(229f) Confined PFSA-Zeolite Proton Conducting Membrane: The Effects of Confinement and Zeolite-Type

Authors: 
Sim, V., The Hong Kong University of Science and Technology
Poon, H. Y., The Hong Kong University of Science and Technology
Han, W., The Hong Kong University of Science and Technology
Budihardjo, F. F., The Hong Kong University of Science and Technology
Yeung, K. L., The Hong Kong University of Science and Technology



Perfluorosulphonic
acid (PFSA) membranes are a well-known proton exchange membrane and the 'gold
standard' commercial Nafion membrane is renowned for its excellent proton
conductivity and long term stability under fully hydrated conditions. However,
their efficiency is highly dependent on the hydration level of the membrane, making
water management an important issue. Traditionally, these membranes use external
humidifying equipments to ensure optimum operation, which often translates to
an increase in costs and lower efficiency. Thus, the PFSA membranes are highly
sensitive to temperature, making operations at temperatures higher than 80oC
difficult, although a higher temperature would increase the efficiency of the
electrocatalysts and improve its poison tolerance. A proton conducting membrane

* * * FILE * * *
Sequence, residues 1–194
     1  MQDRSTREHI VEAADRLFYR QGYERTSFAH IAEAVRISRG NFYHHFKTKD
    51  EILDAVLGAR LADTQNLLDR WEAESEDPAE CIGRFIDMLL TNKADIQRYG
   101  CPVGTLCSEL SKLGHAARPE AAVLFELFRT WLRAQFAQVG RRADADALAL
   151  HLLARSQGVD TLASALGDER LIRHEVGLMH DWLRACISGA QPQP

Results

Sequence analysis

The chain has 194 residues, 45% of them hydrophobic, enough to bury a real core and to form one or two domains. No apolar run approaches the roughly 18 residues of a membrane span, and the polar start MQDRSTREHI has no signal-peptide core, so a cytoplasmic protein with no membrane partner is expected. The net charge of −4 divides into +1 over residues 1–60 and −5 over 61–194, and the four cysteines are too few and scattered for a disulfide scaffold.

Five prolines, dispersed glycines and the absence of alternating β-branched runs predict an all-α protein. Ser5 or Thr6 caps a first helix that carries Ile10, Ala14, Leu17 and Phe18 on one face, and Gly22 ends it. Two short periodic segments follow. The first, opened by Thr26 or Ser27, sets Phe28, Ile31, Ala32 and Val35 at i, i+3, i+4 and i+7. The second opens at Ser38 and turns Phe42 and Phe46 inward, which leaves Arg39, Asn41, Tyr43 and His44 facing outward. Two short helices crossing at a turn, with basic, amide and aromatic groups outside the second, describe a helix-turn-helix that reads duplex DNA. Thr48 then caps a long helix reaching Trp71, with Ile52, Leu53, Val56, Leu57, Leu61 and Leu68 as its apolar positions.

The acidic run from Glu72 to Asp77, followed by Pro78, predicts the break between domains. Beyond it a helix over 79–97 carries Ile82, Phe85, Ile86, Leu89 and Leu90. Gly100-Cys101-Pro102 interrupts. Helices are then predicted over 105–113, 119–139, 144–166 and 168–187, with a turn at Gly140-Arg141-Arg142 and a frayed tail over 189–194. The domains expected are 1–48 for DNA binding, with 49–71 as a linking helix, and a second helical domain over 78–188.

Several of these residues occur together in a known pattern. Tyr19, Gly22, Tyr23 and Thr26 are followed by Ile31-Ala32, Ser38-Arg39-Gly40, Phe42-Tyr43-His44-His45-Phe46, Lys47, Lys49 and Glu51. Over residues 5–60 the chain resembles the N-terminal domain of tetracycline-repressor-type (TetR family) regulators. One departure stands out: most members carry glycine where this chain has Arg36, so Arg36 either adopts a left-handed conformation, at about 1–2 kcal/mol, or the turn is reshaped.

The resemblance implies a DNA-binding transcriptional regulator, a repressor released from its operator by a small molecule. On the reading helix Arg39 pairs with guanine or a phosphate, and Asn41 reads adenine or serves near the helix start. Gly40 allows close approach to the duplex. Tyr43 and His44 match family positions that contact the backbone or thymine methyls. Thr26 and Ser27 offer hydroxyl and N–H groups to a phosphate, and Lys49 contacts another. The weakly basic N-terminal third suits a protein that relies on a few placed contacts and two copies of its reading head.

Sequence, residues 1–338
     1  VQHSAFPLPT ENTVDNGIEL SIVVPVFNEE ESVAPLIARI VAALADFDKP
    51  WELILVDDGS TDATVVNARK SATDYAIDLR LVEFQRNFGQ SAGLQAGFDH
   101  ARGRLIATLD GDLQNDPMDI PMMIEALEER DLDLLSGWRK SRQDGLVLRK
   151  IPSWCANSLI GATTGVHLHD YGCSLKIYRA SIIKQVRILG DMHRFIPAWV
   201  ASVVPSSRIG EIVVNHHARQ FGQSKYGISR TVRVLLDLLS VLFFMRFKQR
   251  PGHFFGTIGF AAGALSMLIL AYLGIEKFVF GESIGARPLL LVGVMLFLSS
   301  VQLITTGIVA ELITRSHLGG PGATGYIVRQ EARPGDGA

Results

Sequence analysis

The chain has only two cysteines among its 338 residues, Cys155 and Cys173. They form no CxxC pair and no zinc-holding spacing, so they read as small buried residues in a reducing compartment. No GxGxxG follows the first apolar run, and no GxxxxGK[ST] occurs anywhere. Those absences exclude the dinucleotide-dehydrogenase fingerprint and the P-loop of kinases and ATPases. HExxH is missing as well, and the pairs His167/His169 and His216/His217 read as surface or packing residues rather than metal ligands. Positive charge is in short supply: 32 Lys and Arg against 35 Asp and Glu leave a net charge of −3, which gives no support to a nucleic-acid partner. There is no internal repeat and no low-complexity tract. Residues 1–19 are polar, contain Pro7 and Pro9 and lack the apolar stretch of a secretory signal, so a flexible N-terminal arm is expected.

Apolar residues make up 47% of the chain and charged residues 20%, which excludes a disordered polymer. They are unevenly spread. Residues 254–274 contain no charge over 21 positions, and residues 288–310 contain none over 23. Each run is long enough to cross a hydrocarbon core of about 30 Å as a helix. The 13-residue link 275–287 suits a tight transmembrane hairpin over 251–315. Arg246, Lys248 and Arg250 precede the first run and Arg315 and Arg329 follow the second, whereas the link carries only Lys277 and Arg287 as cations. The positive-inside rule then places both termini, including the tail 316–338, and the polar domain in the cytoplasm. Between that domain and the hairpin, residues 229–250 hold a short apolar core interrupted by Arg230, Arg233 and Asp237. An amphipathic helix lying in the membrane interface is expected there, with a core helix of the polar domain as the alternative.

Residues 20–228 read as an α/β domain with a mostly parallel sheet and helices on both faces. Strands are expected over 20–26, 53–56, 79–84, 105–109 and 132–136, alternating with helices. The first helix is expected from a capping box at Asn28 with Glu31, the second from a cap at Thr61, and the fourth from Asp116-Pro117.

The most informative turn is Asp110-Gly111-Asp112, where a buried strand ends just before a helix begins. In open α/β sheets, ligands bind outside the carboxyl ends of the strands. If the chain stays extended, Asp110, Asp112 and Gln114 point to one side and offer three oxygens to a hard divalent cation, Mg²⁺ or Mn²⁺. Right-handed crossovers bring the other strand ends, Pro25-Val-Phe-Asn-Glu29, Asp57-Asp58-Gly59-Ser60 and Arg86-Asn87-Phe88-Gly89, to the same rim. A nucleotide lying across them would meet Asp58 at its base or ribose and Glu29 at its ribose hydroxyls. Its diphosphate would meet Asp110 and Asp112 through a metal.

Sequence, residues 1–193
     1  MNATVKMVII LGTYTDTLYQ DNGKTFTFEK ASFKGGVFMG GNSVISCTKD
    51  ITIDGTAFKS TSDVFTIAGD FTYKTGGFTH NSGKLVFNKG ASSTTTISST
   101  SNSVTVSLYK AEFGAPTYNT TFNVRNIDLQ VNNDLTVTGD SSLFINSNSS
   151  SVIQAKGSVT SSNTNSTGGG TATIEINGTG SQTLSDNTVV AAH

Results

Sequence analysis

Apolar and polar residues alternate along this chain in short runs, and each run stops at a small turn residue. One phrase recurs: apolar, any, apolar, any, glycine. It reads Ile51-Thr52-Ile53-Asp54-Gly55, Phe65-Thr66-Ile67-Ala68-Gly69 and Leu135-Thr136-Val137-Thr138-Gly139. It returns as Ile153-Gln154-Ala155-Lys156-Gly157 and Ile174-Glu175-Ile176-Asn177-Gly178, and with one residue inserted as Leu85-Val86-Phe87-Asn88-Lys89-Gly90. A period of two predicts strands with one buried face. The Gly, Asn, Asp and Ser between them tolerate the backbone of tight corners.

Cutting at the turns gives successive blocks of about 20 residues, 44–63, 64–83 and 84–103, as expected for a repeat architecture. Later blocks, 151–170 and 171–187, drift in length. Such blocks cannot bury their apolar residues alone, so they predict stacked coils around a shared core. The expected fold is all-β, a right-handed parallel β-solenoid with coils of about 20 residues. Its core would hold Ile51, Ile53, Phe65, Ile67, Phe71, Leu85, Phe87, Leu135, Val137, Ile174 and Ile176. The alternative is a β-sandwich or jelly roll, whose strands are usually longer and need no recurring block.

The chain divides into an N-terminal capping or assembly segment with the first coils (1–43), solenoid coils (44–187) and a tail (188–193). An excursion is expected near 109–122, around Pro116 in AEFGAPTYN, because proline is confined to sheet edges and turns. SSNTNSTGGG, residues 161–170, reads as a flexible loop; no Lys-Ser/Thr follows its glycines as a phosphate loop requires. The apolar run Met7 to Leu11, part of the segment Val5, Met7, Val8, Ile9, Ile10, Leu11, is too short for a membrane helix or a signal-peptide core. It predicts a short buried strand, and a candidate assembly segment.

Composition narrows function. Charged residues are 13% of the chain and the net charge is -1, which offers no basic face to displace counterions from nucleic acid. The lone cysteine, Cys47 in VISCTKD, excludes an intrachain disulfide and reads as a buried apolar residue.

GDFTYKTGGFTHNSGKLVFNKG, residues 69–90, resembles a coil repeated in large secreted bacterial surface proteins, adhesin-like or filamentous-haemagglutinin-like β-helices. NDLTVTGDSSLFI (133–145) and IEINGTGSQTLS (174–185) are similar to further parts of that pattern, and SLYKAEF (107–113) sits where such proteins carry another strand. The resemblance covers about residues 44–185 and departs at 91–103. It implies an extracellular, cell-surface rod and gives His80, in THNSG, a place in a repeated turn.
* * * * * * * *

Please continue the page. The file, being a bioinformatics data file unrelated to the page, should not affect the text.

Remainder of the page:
that can operate effectively without humidifying aid and at higher temperature
operations is very attractive.

Recently
our lab reported a novel self-humidifying membrane that is obtained by
confining Nafion PFSA within zeolite-coated pores of a stainless steel foil that
displays superior performances compared to the commercial Nafion 117 membrane. A
multi-layered zeolite was deposited on the stainless steel; a nonporous
silicalite-1 zeolite layer served as an insulating and anti-corrosion coating,
a thin layer of nanozeolites (including LTA, BEA, FAU, and MFI) for water
retention and a surface layer of HZSM-5 zeolite as a protective layer. This
work investigates the effect of confinement on the physicochemical and
thermomechanical properties of PFSA. We also explore the effect of water
retention properties of various zeolites on the performance of the PEMFC.